Farm Progress is part of the Informa Markets Division of Informa PLC

This site is operated by a business or businesses owned by Informa PLC and all copyright resides with them. Informa PLC's registered office is 5 Howick Place, London SW1P 1WG. Registered in England and Wales. Number 8860726.

Serving: IN

Snow Picture Still Blurry for Early Winter

Snow Picture Still Blurry for Early Winter
Different opinions about snow chances in winter.

Will you get blasted with snow this winter? Will that snow blower get a good workout? Or is this going to be a mild winter?

Ken Scheeringa, associate state climatologist with the Indiana state Climate Office, says that since the El Nino/La Nina cycle is still stuck in neutral, other factors could dominate winter. One is the Arctic Oscillation. However, it's not clear yet what the impact will be on snow totals and temperatures in Indiana and the Corn Belt, he believes.

To snow or not to snow? Some meteorologists think the answer is "yes, it will snow," maybe more than normal, in early winter. Others aren't so sure.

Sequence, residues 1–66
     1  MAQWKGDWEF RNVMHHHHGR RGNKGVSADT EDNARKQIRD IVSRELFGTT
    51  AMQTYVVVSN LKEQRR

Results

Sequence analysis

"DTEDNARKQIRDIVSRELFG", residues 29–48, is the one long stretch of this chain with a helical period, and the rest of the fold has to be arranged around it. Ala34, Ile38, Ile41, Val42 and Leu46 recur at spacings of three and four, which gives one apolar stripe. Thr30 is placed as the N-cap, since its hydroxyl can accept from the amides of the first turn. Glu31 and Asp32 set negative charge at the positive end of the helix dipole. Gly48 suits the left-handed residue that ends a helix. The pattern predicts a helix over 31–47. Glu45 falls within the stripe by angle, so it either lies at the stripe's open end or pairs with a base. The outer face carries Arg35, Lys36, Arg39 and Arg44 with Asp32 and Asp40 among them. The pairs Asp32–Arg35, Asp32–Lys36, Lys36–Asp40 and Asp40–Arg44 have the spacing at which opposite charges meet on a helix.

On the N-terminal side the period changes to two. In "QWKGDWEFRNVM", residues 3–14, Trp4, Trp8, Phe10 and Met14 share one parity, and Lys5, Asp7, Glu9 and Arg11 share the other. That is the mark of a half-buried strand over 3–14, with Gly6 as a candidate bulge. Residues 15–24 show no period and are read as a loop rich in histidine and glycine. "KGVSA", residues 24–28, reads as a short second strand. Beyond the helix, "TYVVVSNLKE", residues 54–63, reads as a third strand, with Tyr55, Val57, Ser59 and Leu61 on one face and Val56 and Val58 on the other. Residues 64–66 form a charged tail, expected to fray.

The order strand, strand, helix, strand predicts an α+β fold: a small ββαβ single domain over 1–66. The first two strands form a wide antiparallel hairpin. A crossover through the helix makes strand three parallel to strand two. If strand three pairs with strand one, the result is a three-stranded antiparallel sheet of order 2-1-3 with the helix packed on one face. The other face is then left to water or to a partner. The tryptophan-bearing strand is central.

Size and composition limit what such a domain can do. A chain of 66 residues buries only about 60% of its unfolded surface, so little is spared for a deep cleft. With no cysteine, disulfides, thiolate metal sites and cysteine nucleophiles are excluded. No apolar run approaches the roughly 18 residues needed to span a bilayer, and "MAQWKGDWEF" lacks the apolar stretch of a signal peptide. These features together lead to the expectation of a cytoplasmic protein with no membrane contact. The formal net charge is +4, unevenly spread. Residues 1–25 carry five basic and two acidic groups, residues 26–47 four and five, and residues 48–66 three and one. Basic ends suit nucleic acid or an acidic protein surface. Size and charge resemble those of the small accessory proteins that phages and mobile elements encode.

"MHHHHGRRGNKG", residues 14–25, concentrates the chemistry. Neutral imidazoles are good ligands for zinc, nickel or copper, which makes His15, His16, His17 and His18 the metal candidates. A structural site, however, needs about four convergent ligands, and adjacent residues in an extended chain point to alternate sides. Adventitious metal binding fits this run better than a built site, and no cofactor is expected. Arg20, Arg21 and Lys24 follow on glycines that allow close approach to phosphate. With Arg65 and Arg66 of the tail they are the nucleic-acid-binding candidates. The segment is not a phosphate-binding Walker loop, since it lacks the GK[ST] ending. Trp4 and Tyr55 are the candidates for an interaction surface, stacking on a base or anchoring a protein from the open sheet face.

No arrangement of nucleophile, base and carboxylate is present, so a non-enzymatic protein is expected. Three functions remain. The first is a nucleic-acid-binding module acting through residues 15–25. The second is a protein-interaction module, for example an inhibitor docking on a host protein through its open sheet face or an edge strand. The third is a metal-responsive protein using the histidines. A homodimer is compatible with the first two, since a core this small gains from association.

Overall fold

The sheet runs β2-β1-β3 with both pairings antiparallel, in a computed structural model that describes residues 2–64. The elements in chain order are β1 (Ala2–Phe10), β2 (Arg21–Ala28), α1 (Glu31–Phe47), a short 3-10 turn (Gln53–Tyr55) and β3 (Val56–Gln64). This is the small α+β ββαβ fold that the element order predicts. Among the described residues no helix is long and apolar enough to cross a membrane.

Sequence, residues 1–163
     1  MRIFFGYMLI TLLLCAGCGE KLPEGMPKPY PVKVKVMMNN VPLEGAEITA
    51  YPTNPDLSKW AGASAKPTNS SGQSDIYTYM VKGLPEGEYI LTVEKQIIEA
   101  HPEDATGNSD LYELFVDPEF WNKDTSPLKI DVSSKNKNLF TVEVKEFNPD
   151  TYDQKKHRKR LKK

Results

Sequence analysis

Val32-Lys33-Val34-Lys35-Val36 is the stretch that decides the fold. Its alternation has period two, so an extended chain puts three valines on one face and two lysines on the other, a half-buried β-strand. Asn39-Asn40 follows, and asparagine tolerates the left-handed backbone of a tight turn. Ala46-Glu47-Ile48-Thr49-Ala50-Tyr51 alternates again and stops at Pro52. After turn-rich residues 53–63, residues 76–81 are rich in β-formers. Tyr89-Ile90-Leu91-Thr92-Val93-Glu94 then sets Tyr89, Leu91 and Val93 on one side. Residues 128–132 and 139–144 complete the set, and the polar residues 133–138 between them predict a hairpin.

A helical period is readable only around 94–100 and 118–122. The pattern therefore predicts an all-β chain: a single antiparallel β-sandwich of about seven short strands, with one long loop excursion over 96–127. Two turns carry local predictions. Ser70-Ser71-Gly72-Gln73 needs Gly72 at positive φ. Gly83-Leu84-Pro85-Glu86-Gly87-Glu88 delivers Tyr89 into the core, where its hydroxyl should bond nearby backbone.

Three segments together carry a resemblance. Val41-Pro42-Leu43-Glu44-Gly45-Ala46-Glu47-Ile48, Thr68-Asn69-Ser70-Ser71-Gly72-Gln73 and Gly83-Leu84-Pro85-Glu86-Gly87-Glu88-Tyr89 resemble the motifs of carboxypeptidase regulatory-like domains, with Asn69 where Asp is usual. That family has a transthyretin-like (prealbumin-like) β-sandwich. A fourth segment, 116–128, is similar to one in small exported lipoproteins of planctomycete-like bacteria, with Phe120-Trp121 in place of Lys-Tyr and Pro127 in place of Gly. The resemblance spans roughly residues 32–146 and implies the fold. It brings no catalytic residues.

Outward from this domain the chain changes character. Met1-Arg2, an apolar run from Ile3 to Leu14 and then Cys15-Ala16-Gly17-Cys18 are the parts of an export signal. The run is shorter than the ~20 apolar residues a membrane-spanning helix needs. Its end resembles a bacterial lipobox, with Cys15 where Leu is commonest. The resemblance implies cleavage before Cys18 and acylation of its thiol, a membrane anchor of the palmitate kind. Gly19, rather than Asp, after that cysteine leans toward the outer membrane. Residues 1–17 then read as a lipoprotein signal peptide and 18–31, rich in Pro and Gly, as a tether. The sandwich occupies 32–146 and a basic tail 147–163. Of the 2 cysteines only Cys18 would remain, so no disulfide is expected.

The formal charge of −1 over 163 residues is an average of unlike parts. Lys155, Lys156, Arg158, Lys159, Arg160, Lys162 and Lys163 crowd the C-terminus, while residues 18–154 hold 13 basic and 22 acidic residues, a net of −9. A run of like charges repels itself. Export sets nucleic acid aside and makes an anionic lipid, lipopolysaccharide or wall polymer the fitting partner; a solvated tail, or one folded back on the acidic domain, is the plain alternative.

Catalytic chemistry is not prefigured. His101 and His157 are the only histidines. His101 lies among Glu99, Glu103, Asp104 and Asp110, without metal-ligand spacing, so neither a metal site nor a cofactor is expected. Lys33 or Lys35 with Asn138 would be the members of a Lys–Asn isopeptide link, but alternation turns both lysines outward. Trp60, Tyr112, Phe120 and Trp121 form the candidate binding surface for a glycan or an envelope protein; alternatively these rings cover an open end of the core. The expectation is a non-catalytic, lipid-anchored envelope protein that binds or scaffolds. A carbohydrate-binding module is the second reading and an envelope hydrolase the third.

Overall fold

Greg Soulje, a private ag meteorologist, based in Chicago, took a long-lens look at winter and has a slightly different conclusion. He's predicting an active weather period with increased chances of storms, more precipitation than usual and more snow than normal in early through mid-winter. He sees it coming down from the Great Lakes across the state.

Soulje agrees it will be because other factors take over since there is no El Nino (warm phase) or La Nina (cool phase) right now. These phases relate to warm or cool tropical waters off the Pacific Ocean. The result is changes in atmospheric pressures and control over wind patterns aloft, that in turn influence weather patterns not only in the Midwest but around the globe.

Both Sheeringa and Soulje concur that what will determine the weather pattern you see, and in turn how much snow and precipitation your area picks up this winter, stems from what happens to the jet stream.

The jet stream is controlled by the factors that determine air circulation patterns aloft. The location and shape of the jet stream over winter can determine where storms form and how they track across the country, including across the Corn Belt and Indiana.

You can find more in-depth comments from both Scheeringa and Soulje in the next issue of Indiana Prairie Farmer, due out later this month.

Hide comments


  • Allowed HTML tags: <em> <strong> <blockquote> <br> <p>

Plain text

  • No HTML tags allowed.
  • Web page addresses and e-mail addresses turn into links automatically.
  • Lines and paragraphs break automatically.